Frankly, it’s the kind of story that makes for a perfect rock ‘n roll legend, and the kind of legend that deserves to be explored in a film that befits its almost mythic, archetypal underpinnings. There’s nobody more qualified to deliver that film than Todd Haynes.

Haynes, of course, is a pioneer of the ‘90s “New Queer Cinema,” whose body of work has maintained a consistent yet multi-faceted focus on key themes that include outsider-ism, dysfunctional socialization, and the fluid nature of sexuality and gender. Each and any of these interests would be enough to make him a perfect fit as the person to tell the story of the Velvet Underground, but what gives him the ability to make it a masterpiece is his ongoing fascination with music and nostalgia. Beginning with his controversial debut short “Superstar: The Karen Carpenter Story,” the musical landscape of his formative years has been inseparable from his milieu, and films such as his glam-rock fantasia “Velvet Goldmine” or his post-modernist Dylan biopic “I’m Not There” have dotted his career like cornerstones. Likewise, his painstaking recreation of the past in period pieces like “Far From Heaven,” “Carol,” or “Wonderstruck” has proven his ability not just to capture the look and feel of a bygone era, but to transport audiences right back into it.

In “The Velvet Underground,” it’s more like he transports the era to the audience. His comprehensive chronicle is not just the story of the band or its members, but the story of the time and place that allowed them to exist, in which a generation waking up from the toxic artificiality of their parents’ “American Dream” took creative control of the future through an unprecedented explosion of art and culture. Art was a by-any-means-necessary endeavor that now demanded a fluency across various forms of media, and a blending together of any and every thing that worked to get the message across. And yes, sometimes the media itself was the message, but even within that depressingly superficial reality was room for an infinite layering of style and substance that could take your breath away.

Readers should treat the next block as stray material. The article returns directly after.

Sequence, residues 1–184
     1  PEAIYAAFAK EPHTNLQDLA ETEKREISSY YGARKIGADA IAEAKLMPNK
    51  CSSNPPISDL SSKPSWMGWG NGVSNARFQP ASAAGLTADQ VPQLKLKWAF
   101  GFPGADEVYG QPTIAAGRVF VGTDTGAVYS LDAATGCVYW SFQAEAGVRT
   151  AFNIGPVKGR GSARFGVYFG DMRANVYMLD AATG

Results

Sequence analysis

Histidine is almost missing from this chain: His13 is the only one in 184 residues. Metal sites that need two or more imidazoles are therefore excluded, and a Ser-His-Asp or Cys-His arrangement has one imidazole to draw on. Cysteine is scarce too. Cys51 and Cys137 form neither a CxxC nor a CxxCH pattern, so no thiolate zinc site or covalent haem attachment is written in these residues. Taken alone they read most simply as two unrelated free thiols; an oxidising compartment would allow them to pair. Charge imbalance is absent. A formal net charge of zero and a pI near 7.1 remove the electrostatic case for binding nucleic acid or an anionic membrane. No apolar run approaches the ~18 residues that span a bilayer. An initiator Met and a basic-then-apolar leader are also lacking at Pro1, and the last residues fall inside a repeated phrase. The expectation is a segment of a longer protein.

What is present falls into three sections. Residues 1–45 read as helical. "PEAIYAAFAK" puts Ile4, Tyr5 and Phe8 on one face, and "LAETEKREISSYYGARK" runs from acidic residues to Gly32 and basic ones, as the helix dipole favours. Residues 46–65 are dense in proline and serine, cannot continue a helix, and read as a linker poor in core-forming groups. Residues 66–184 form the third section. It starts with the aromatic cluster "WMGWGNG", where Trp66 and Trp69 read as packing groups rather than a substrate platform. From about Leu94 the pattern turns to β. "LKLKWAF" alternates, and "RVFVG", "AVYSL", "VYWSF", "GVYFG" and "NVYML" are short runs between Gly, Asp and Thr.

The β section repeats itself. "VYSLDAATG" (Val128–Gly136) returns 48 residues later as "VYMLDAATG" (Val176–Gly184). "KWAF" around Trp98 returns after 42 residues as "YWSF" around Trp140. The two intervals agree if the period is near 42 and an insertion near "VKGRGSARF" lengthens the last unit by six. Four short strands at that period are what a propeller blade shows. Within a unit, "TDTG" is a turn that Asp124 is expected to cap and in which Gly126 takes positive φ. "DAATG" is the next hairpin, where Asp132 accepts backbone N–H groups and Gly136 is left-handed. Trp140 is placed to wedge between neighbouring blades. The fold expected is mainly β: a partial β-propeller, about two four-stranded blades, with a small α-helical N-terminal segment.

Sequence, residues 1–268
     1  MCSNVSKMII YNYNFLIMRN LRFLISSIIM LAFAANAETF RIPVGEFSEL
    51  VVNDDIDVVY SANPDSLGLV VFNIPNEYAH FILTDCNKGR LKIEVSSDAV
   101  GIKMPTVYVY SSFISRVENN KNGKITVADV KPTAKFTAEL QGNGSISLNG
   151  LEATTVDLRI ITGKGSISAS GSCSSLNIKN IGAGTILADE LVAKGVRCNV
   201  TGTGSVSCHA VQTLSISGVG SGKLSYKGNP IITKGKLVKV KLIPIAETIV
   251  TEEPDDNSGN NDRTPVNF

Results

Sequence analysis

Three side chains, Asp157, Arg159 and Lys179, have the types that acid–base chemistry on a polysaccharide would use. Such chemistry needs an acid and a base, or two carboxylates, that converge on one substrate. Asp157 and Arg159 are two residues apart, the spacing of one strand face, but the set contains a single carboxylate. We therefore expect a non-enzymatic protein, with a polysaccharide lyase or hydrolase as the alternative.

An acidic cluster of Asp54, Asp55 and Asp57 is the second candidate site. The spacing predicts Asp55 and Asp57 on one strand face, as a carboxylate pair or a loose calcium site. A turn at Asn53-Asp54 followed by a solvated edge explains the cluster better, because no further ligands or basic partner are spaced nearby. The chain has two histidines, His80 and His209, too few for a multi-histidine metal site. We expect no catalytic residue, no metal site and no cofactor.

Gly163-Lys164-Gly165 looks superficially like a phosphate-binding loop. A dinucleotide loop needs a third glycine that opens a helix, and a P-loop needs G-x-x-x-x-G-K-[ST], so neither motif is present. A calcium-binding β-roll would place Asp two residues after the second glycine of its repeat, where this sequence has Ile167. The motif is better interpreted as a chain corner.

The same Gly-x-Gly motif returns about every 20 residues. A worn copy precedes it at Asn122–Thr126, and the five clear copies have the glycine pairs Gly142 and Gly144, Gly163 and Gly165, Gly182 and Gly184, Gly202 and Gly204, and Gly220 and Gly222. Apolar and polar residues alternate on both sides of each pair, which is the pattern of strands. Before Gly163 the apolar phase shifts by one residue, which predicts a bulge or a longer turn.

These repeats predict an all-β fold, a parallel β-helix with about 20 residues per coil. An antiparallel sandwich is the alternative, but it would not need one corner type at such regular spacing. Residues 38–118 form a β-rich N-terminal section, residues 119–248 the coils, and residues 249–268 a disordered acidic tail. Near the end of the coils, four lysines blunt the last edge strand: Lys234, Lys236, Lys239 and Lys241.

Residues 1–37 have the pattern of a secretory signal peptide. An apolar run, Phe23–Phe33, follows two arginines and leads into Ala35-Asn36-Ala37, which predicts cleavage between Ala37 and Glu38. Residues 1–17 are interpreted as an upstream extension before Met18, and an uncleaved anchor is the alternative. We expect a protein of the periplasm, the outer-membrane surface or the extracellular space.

That description of the era in which the Velvet Underground thrived, in which Andy Warhol turned the shallow into the profound (whether he knew it or not), in which music and film and photography and poetry and painting and every other form of expression blended together in a heady and world-changing whirlwind, is also the perfect description of Haynes’ film. Yes, there are famous veterans of the age sharing their memories and their insights, yes there is copious archival footage (including the godsend of Warhol’s filmed portraits of the legendary faces in his orbit), yes we get to hear about Lou Reed’s struggle with his sexual identity – and it’s refreshing that Haynes makes no effort to categorize or finalize that aspect of the rock legend’s persona, but merely lets it be a fact. But even though “The Velvet Underground” checks off all the boxes to be a documentary, it’s something much more. Thanks to Haynes’ seamless blend of visuals, words, history, and – always and above all – music, it’s a total sensory experience, which deserves to be seen in a theater whether you subscribe to Apple TV or not. It puts you right in the middle of a world that still casts a huge shadow on our culture today.

And it’s unforgettable.

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PHOTOS: Best Of LGBTQ DC party

Blade’s 20th annual awards celebrated at Hook Hall



Cake performs at the Best of LGBTQ D.C. Awards Party on Oct. 21. (Washington Blade photo by Michael Key)

The Washington Blade presented the 20th annual Best of LGBTQ D.C. Awards at a party at Hook Hall on Thursday, Oct. 21. To view this year’s winners, click here.

Event sponsored by Absolut, DC Brau and Washington Regional Transplant Community.

(Washington Blade photos by Michael Key)